Smells Like Proximity

Media’s relationship to fragrance is vast and prime for exploration. This is what I’ve discovered in the process of researching it since last winter. I originally intended to write about it during my first semester as a PhD student, but lucked into an opportunity to contribute to an anthology and shelved the idea. With some encouragement, I returned to the project. As I revised my dissertation proposal for defense, I imagined what I wanted to say about the subject.

I had modest ambitions for this project. Originally, I thought of it as a respite from various check points on the path to pushing a much larger boulder up a hill. Dissertating is a long game. If you’re fortunate, this unwieldy thing you’ve spent several years crafting as a graduate student will someday become a book, and thus require more crafting. As a result, dissertators are vulnerable to doubt, fatigue, and endless deferral. This was to be a pretty curio, something I could look at and turn over if I struggled to form an argument from the other thing I was writing.

What’s exhilarating and terrifying about research is its undertow. If you’re doing it right, you’ll end up in a different place from where you started. Last summer, I started to form my findings into an argument. I looked up and it was October. At this point in my studies, such lapses in time feel like indulgences I can’t afford. This project was designed to be small and contained. My dissertation analyzes the relations between television and recording industry labor in the post-network era in order to understand music’s functions in the cultural and industrial work of identity formation through a series of interlocking fields, televisual, and musical genres. There are loose thematic connections between the two projects—both consider how recording artists use licensing to extend the commercial life of their music—but there’s no overlap in case studies.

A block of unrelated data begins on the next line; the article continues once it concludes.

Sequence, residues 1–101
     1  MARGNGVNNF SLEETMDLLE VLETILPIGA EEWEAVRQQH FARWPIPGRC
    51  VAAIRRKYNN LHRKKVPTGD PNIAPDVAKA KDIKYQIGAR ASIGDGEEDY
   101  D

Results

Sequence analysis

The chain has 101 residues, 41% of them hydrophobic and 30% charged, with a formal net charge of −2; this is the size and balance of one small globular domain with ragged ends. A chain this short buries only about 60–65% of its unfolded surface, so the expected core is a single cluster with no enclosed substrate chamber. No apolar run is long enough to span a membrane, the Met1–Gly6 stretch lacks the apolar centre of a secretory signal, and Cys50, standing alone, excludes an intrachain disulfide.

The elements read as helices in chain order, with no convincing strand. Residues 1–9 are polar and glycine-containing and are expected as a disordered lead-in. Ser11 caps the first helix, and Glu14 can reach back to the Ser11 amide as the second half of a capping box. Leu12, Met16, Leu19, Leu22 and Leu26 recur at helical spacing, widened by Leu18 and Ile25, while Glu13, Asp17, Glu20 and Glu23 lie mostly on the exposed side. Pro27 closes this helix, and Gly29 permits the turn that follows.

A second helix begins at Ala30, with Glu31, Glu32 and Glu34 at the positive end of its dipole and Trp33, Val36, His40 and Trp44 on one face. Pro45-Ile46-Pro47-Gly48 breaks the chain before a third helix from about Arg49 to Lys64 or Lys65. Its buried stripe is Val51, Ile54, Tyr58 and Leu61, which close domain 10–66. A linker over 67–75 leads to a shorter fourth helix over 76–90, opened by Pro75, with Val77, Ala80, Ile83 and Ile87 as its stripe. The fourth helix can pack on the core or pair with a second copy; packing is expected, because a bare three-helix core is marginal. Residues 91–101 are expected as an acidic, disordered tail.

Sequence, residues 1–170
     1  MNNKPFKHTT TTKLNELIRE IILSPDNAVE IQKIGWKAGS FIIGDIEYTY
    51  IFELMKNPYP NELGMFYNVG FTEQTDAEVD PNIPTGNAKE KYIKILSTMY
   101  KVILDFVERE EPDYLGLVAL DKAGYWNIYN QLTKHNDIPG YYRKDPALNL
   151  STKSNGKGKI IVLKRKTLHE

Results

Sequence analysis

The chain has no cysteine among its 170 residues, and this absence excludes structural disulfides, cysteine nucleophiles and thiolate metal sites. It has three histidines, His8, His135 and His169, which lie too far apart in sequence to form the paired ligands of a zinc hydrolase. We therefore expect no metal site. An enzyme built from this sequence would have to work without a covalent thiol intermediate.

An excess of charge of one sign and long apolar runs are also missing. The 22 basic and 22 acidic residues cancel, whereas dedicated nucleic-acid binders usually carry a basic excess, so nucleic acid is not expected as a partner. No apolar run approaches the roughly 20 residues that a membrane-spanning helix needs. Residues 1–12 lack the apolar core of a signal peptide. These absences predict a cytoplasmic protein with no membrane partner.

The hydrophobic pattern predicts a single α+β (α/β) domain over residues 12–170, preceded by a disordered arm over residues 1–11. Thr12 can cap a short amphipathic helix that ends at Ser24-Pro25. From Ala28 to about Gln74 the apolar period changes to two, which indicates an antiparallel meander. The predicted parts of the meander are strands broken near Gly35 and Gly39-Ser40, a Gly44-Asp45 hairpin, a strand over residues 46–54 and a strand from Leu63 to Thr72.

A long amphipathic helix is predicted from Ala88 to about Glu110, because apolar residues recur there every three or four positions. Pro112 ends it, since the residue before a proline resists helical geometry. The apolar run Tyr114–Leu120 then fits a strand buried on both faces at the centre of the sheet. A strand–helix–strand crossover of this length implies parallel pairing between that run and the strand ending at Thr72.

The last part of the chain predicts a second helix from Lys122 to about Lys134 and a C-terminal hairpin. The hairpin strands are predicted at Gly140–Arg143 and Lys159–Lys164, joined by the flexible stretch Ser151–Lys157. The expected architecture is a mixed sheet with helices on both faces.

My interest in media’s relationship to fragrance actually originates from my sense memory of Madonna’s Like a Prayer. I encountered it as an object, which Nigel Thrift argues “must be understood as involved in multiple overlapping negotiations with human beings and not just as sets of passive and inanimate properties” (292). In an earlier post on record collecting, I cited Sara Ahmed’s claim that objects’ intentions are shaped by the expectations we place in them. Though Ahmed is specifically talking about family as a symbol for the uneven distribution of subjects’ sense of personal fulfillment, I was particularly struck by her assertion that happiness “can generate objects through proximity,” resulting from objects’ closeness to each other and to bodies (32-33).

I was five when Madonna’s fourth album came out in March 1989. So I probably didn’t encounter it at that age. In my mind, Madonna lives in my collapsed recollection of 1992, where A League of Their Own, Truth or Dare, the Sex book, Dick Tracy, and Erotica blurred together as context. I turned nine that summer and recognized that, apart from marrying my father, Like a Prayer was one of the few things my mom and stepmother had in common. My mom had it on cassette. My dad’s second wife had it on CD, along with Erotica and a VHS copy of Truth or Dare. So, my proximity to Like a Prayer was shaped by its presence in my mother and stepmother’s music collections, their shared fandom of it, my different connections to them (I love my mother and I never loved my stepmother), and my dawning awareness that the album in my hands was a thing.